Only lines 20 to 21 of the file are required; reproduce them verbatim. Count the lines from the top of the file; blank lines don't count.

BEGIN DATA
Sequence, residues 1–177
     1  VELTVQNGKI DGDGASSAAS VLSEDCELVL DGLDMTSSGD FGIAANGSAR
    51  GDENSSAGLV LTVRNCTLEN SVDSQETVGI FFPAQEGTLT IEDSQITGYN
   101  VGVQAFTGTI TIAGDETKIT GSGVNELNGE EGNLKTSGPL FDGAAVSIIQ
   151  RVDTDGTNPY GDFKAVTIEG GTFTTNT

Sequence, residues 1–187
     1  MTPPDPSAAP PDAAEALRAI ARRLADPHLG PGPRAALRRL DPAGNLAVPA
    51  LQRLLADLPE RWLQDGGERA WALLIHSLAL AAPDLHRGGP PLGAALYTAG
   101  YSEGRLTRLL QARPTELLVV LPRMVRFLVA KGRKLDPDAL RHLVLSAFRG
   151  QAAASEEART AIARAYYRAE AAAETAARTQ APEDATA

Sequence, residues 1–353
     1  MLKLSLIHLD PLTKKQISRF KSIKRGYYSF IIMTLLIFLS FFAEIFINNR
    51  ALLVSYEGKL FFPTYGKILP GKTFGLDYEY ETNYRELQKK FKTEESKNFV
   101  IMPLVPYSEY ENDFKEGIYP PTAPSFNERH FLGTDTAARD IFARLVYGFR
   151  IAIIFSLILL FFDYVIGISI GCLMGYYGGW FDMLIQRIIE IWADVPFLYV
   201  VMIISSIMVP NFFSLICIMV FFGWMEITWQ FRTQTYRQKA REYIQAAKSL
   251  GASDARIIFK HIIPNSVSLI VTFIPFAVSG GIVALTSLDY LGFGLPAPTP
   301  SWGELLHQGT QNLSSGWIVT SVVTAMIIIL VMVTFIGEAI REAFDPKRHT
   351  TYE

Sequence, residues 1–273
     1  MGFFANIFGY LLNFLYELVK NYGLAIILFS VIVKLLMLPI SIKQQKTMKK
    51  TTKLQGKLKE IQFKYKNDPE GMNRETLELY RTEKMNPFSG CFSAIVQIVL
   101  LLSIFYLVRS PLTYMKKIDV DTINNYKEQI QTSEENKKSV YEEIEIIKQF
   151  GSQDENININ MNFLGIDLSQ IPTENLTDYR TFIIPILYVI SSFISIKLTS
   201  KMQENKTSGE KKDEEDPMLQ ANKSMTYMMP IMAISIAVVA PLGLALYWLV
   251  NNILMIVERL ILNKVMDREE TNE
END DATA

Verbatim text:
Sequence, residues 1–273
     1  MGFFANIFGY LLNFLYELVK NYGLAIILFS VIVKLLMLPI SIKQQKTMKK